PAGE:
He provided equipment, maintenance, and training to Navy, municipal, and civilian divers and fire fighters; worked in the SSN-688 Class Advanced Design Project Office at the Newport News Shipbuilding and Dry Dock Company; served as a consulting engineer to the Naval Sea Systems Command in Arlington, VA, supporting various design and modernization projects in mine countermeasures; provided logistic support for the PHM Class hydrofoils; and was a Senior Principal Engineer at TRW.

More recently, Barney was a Senior Logistics Management Specialist on the US Coast Guard’s Deepwater Project. Barney Black will be greatly missed by all who were privileged to know him and our prayers are with his family.

Mark R. Bebar

President, IHS

A more detailed Memorial to Barney can be found here: In memorium IHS Past Board Member Barney Black.

[11 April 14] John R. Meyer Jr., Past IHS President

To all Members of IHS,

It is with regret and sadness that I pass along the news of John Meyer’s death. John had been battling cancer and was recently in the hospital for treatment. He elected to return home on 10 April and passed away on 11 April 2014.

The Memorial will take place on Saturday 17th of May 2014 at 3:30 pm in the Pilgrim Lutheran Church – German Lutheran Church Washington DC – is renting from them. 5500 Massachusetts Avenue, Bethesda, Maryland 20816

Please keep John’s wife, Gigi and his sons, Kurt and Craig, in your thoughts and prayers.

Mark R. Bebar

President, IHS

A more detailed Memorial to John can be found here: In memorium IHS Past President, John R. Meyer Jr.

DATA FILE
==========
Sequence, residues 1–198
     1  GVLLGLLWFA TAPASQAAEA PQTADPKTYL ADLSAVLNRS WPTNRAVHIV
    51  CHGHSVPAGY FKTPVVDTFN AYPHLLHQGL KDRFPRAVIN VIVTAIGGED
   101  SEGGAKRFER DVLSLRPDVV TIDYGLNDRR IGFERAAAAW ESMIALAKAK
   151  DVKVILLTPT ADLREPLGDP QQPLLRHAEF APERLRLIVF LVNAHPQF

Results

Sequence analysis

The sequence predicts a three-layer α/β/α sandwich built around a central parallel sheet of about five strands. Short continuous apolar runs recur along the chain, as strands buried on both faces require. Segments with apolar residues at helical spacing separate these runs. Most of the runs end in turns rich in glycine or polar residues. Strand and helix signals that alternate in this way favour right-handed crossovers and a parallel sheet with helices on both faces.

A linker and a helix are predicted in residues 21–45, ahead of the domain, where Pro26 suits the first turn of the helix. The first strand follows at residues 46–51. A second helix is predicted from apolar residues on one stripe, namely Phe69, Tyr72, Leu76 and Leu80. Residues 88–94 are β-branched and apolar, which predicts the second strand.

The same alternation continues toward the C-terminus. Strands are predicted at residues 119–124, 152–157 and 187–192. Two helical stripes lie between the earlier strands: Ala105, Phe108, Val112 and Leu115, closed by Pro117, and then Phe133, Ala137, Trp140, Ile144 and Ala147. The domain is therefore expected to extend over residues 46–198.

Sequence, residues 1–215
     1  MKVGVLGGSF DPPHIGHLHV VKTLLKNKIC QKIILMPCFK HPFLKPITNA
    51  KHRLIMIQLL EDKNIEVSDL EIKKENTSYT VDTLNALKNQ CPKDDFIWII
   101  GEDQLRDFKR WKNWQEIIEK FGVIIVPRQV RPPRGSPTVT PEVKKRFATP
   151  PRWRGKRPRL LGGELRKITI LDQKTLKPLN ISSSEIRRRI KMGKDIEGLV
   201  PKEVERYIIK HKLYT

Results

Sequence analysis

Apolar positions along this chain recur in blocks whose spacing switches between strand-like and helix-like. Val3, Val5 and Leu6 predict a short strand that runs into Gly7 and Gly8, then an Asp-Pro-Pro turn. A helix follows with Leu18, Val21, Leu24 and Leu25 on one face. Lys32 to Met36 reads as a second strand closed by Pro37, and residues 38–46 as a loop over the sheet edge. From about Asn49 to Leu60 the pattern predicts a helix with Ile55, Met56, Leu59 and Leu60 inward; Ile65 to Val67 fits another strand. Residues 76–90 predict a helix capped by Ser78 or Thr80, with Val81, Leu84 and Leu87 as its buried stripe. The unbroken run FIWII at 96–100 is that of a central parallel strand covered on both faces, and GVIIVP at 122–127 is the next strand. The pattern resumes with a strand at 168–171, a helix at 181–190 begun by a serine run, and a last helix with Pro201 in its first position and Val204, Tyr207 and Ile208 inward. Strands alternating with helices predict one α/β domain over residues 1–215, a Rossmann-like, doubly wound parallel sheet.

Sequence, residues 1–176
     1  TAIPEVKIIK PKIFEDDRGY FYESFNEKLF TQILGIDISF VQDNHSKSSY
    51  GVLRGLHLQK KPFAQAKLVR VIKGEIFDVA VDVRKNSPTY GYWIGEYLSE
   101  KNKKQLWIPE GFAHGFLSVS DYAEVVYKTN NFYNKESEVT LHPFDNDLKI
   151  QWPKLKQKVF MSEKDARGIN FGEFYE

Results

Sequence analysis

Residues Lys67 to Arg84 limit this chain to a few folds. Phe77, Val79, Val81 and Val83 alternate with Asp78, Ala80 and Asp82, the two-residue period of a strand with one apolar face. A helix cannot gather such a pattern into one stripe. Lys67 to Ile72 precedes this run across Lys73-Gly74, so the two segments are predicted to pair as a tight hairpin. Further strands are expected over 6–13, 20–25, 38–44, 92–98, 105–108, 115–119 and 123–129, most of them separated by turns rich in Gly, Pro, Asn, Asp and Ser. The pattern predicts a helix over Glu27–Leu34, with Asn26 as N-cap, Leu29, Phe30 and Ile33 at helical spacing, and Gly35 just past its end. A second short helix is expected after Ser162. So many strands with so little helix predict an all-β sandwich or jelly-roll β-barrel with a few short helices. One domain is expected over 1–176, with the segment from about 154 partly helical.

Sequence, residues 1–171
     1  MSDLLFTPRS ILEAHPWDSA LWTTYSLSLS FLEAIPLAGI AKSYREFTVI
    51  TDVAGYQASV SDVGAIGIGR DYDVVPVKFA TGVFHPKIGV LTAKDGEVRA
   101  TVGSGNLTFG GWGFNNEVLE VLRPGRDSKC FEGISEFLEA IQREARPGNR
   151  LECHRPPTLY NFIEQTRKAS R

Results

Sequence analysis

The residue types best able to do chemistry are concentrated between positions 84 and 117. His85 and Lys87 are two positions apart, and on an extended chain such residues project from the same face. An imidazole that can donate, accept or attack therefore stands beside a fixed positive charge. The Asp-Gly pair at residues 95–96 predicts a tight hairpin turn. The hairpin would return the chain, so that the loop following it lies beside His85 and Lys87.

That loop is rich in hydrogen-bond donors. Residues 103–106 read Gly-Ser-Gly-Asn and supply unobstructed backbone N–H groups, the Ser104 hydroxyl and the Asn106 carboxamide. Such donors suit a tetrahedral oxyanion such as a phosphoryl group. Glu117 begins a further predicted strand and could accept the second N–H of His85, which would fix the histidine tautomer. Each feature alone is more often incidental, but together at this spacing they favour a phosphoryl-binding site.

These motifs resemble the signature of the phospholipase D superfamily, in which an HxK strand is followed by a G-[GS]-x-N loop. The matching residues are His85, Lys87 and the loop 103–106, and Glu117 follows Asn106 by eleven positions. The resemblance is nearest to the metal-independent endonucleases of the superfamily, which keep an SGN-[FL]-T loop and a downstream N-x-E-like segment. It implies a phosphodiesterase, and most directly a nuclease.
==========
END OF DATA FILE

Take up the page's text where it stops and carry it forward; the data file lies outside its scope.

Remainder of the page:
[16 Oct 12] Sadly, Dr. Sam BRADFIELD, 94, of Melbourne, died Tuesday, October 16, 2012. The International Hydrofoil Society ( IHS) awarded Dr Bradfield an Honorary Life Member Award in recognition of his extensive contributions to the hydrofoil community over many years on 26 Feb 2010.

[7 Mar 03] With regrets I must inform the hydrofoil community that I received the message this morning from Ed Hermanns, that our colleague of many years, Ray Wright, passed away last week. To those who never met him, Ray was the Chief Hydrodynamicist at Grumman up until his retirement. As such he was always a key member of the hydrofoil development team at Grumman. Ray was a quiet man, dedicated to his faith in God and science. He was a true gentleman, and dedicated his professional career to the science of hydrofoil hydrodynamics. Few in this small field, knew as much about the subject as Ray, yet he was always willing to teach and discuss. He was deeply respected by his peers. I personally learned much from him about the field of hydrodynamics and life. It may come as a surprise to many to learn that while trained in aerodynamics, he had a very deep distrust of any airplane enclosing him that was not firmly planted on the ground. Those wishing to express condolences, may write his wife, Myra; contact me directly for the mailing address. — Charlie Pieroth (SoundTM@ix.netcom.com)